example, in some cases they introduce the passing on of inherited
traits that Lamarck thought occurred in natural evolution. There
is still no evidence of Lamarckian evolution in nature, but it
works in computers.
He told me about some other things I hadn't known about.
There have been a number of breakthroughs in the other kind
of biological computing: building computers out of biological
components. In the mid-1990s Dr. Adleman at the University of
Southern California (USC) built a "DNA computer," and quite recently
has refined it. USC news has released a lay person's account.
( www.usc.edu/dept/molecular-science/uscnews.htm )
Engineering: Using 'nature's toolbox,' a DNA computer solves a
by Matthew Blakeslee
A DNA-based computer has solved a logic problem that no person
could complete by hand, setting a new milestone for this infant
technology that could someday surpass the electronic digital
computer in certain areas.
The results were published in the online version of the journal
Science on March 14 and will then run in the print edition.
The new experiment was carried out by USC computer science
professor Leonard Adleman, who made headlines in 1994 by
demonstrating that DNA -- the spiraling molecule that holds
life's genetic code -- could be used to carry out computations.
The idea was to use a strand of DNA to represent a math or logic
problem, then generate trillions of other unique DNA strands,
each representing one possible solution. Exploiting the way DNA
strands bind to each other, the computer can weed out invalid
solutions until it is left with only the strand that solves the
In the fall of 2001 Beneson and others published their results
on building a Turing machine automaton out of nucleic acids.
( www.nature.com/cgi-taf/DynaPage.taf?file=/nature/journal/v414/n6862/abs/414430a0_r.html )
Nature 22 Nov 2001 (subscription required)
Nature 414, 430 - 434 (2001); doi:10.1038/35106533
Programmable and autonomous computing machine made of biomolecules
Yaakov Benenson, Tamar Paz-Elizur, Rivka Adar, Ehud Keinan, Zvi
Livneh & Ehud Shapiro
Here we describe a programmable finite automaton comprising DNA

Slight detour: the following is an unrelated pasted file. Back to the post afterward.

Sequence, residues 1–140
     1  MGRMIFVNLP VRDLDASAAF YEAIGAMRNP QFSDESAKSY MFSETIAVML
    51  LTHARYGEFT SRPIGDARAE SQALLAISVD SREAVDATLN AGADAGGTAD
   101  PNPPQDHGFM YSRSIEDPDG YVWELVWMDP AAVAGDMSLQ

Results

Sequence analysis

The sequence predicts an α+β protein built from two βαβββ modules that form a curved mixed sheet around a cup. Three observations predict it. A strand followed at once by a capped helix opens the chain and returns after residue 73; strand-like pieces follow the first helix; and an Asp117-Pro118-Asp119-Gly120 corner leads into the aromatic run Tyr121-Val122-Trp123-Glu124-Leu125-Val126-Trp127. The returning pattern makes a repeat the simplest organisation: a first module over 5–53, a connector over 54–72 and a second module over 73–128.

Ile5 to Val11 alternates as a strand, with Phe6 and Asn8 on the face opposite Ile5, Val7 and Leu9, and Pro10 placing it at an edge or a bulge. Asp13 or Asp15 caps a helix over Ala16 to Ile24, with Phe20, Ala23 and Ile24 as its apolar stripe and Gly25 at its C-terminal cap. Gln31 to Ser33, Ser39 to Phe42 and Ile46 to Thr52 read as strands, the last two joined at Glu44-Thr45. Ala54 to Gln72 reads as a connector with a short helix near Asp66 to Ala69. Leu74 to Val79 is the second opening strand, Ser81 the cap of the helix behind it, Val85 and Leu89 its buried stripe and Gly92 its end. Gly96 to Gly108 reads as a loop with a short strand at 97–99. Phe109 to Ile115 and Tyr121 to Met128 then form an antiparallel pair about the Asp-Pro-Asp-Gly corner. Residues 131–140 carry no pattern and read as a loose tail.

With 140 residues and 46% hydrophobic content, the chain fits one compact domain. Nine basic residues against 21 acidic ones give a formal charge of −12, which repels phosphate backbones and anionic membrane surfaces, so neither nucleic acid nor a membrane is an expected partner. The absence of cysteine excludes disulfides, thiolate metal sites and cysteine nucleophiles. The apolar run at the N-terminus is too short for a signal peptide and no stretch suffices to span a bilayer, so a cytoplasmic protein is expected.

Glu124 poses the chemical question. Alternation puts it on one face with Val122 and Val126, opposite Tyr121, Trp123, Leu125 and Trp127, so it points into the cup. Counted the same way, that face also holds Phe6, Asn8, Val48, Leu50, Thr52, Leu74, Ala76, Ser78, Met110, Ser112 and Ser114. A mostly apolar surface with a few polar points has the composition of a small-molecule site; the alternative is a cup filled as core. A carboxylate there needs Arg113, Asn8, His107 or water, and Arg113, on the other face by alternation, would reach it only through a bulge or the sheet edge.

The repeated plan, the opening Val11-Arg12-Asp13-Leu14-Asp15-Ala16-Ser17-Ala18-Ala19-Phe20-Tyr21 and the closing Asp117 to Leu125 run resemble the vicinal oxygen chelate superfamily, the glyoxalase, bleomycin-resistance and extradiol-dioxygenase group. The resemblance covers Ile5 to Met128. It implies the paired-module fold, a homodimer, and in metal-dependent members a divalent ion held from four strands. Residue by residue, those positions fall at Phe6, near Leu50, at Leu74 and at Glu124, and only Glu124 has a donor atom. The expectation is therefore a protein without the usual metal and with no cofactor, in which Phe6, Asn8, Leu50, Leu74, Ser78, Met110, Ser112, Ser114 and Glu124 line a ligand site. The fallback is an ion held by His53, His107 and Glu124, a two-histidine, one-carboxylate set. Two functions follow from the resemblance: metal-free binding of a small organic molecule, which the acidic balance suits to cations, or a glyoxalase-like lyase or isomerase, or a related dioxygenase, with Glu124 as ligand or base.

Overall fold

and DNA-manipulating enzymes that solves computational problems
Recently Dr. John S. Kauer, Professor of Neuroscience and Anatomy
at the Department of Neuroscience, Tufts University School of Medicine
has announced the creation of an "artificial nose."
( www.neurosci.tufts.edu/Kauer/ )
Another promising development is what is called "microfluidic
large-scale integration," which amounts to a miniaturized, automatic,
computer-controlled biology lab that can do all kinds of amazing
things. See Science Magazine Oct. 18, 2002. (Subscription required.)
( www.sciencemag.org/cgi/doi/10.1126/science.1076996 )
A lay person's summary is at "Nature" magazine's web site.
( www.nature.com/nsu/020923/020923-10.html )
Researchers at the California Institute of Technology have built
a chip that shunts liquids, just as silicon microchips shunt
current. It is a significant step towards the long-held hope of
a lab-on-a-chip replacing the automated instruments that currently
carry out chemical analysis, such as drug screening or
The chip, developed by Stephen Quake and co-workers, is the first
integrated microfluidic circuit comparable to an electronic
integrated circuit. It contains more than 3,500 transistor-like
switches. The ultimate complexity and application of this
technology is "limited only by one's imagination", they say.
(It seems like most of the breakthroughs Art was telling me about
were reported in "Science" or "Nature" and I resolved to read both
magazines more often.)
Art mused that one of the biggest problems facing bio-tech is finding
a business model that makes Wall Street happy. Wall Street wants
dramatic results like an AIDS cure, a cancer cure, or another Viagra,